Does using the word "metric" in this sentence make sense? "Instagram likes are used as a metric to gauge populatiry?"?
I think a better word would be merit, but I'm curious if this works too?
- 3 weeks ago
Yes, it makes sense. Merit does not make sense in this sentence.
Metric refers to a key indicator, or measure. In this case, metric refers to "measure of popularity". So it makes sense.
- MikeLv 73 weeks ago
Basis or standard...........
- GypsyfishLv 73 weeks ago
"metric" has become widely used to mean making numerical measures of usage of an online site. It's just part of the jargon of the field. If you interview for a job with a company that has an online site, they may ask you what you know about metrics, and how to gather and analyze the data.
- busterwasmycatLv 73 weeks ago
metric in its jargonistic meaning of "measurement", a way to quantify something. Merit would not work, no. the idea is that you want something which is not subjective as a way to define value (value being "popularity" in this example). How popular? Not "very", but instead "X likes per submission". Whether being popular has merit is a separate discussion.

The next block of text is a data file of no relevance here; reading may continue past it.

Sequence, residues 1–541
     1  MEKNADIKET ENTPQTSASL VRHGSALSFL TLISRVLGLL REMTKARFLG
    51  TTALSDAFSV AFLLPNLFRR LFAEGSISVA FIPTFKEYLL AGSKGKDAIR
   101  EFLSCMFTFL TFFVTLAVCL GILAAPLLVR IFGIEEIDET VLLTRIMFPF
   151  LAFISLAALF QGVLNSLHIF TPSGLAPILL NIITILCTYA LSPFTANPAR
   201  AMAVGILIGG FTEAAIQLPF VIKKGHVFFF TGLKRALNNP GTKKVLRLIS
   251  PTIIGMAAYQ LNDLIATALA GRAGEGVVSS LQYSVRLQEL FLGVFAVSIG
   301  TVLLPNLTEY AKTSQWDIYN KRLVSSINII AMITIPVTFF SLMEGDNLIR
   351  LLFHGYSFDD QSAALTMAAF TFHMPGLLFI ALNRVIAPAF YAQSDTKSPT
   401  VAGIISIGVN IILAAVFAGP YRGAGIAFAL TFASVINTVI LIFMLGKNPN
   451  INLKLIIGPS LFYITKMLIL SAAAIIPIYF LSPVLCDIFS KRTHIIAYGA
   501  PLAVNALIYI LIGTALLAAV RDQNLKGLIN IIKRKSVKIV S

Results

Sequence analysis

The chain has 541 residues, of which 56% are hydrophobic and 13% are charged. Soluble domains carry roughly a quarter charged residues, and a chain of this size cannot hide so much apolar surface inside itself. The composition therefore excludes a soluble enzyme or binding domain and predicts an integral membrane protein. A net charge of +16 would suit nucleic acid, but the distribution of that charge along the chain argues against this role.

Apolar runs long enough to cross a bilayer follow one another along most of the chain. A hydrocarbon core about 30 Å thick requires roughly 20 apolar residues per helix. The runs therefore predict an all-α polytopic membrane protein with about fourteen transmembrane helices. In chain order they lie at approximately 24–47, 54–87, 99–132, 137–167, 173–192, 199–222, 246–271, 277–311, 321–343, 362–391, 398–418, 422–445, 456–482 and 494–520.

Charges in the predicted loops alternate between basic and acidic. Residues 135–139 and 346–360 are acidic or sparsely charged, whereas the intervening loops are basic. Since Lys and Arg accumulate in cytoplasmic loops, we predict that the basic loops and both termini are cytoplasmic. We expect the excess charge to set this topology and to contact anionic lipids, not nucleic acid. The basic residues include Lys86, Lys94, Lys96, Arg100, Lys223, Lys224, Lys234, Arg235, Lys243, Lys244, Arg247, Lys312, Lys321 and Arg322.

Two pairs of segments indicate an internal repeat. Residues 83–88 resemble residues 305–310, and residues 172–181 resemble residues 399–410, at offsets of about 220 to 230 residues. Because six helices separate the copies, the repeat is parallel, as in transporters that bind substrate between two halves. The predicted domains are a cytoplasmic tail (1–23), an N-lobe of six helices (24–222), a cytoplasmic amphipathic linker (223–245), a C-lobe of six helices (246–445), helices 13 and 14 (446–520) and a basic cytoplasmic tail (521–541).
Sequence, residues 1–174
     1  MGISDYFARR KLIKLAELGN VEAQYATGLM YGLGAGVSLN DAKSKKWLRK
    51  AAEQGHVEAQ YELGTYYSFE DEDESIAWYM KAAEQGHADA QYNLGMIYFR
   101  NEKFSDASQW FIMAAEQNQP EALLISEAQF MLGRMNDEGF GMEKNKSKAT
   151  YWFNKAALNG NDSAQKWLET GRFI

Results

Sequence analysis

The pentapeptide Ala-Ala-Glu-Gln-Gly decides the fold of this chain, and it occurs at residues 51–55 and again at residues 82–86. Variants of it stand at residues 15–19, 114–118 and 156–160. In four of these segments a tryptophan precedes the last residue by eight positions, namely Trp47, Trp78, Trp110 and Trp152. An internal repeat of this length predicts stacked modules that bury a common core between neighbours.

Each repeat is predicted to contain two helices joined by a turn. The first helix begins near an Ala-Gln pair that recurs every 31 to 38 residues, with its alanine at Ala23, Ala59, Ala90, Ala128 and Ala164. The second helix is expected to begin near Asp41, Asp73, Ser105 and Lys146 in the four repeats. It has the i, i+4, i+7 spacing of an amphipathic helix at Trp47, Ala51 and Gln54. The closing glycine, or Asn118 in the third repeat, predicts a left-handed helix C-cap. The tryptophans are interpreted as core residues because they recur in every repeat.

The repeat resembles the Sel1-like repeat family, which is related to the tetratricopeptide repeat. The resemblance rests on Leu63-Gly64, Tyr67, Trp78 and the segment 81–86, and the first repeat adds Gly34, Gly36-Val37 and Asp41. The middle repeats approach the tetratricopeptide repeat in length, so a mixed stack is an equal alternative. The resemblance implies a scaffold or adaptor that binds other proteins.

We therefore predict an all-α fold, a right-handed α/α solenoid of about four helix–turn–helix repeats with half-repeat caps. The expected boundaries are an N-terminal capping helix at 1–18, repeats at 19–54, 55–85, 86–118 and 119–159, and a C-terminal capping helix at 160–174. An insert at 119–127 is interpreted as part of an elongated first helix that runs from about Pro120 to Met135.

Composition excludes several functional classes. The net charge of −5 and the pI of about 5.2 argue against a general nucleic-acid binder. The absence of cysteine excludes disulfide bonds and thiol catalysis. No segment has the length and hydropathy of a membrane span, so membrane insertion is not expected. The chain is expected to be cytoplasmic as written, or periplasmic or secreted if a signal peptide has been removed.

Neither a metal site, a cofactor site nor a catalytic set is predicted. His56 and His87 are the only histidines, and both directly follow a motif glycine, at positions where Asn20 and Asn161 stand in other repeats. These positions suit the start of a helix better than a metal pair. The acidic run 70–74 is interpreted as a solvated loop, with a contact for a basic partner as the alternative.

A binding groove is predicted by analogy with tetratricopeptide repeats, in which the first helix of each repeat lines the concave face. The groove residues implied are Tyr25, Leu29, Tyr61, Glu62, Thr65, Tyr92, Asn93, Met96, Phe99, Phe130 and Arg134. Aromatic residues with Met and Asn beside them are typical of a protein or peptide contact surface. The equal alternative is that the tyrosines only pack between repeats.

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- JOHNLv 73 weeks ago
"Instagram likes are used as an indicator of popularity."
- Karen LLv 73 weeks ago
Yes, but it's unnecessary. Gauge means much the same. Why say it twice? Leave out 'as a metric' and the sentence means exactly the same thing. Merit is not correct at all in that sentence.
- A.J.Lv 73 weeks ago
Metric is correct. Popularity is typo'ed.
Metric definition in this use is "standard of measure"
Merit is not correct in the sentence, but can be used with Instagram likes.
The number of Instagram likes is an indication of merit of the statement or photo.
- Anonymous3 weeks ago
No, I think you're looking for the word meter. Metric is incorrect. Meters are what gauge things. Like electricity meter or water meter, for example.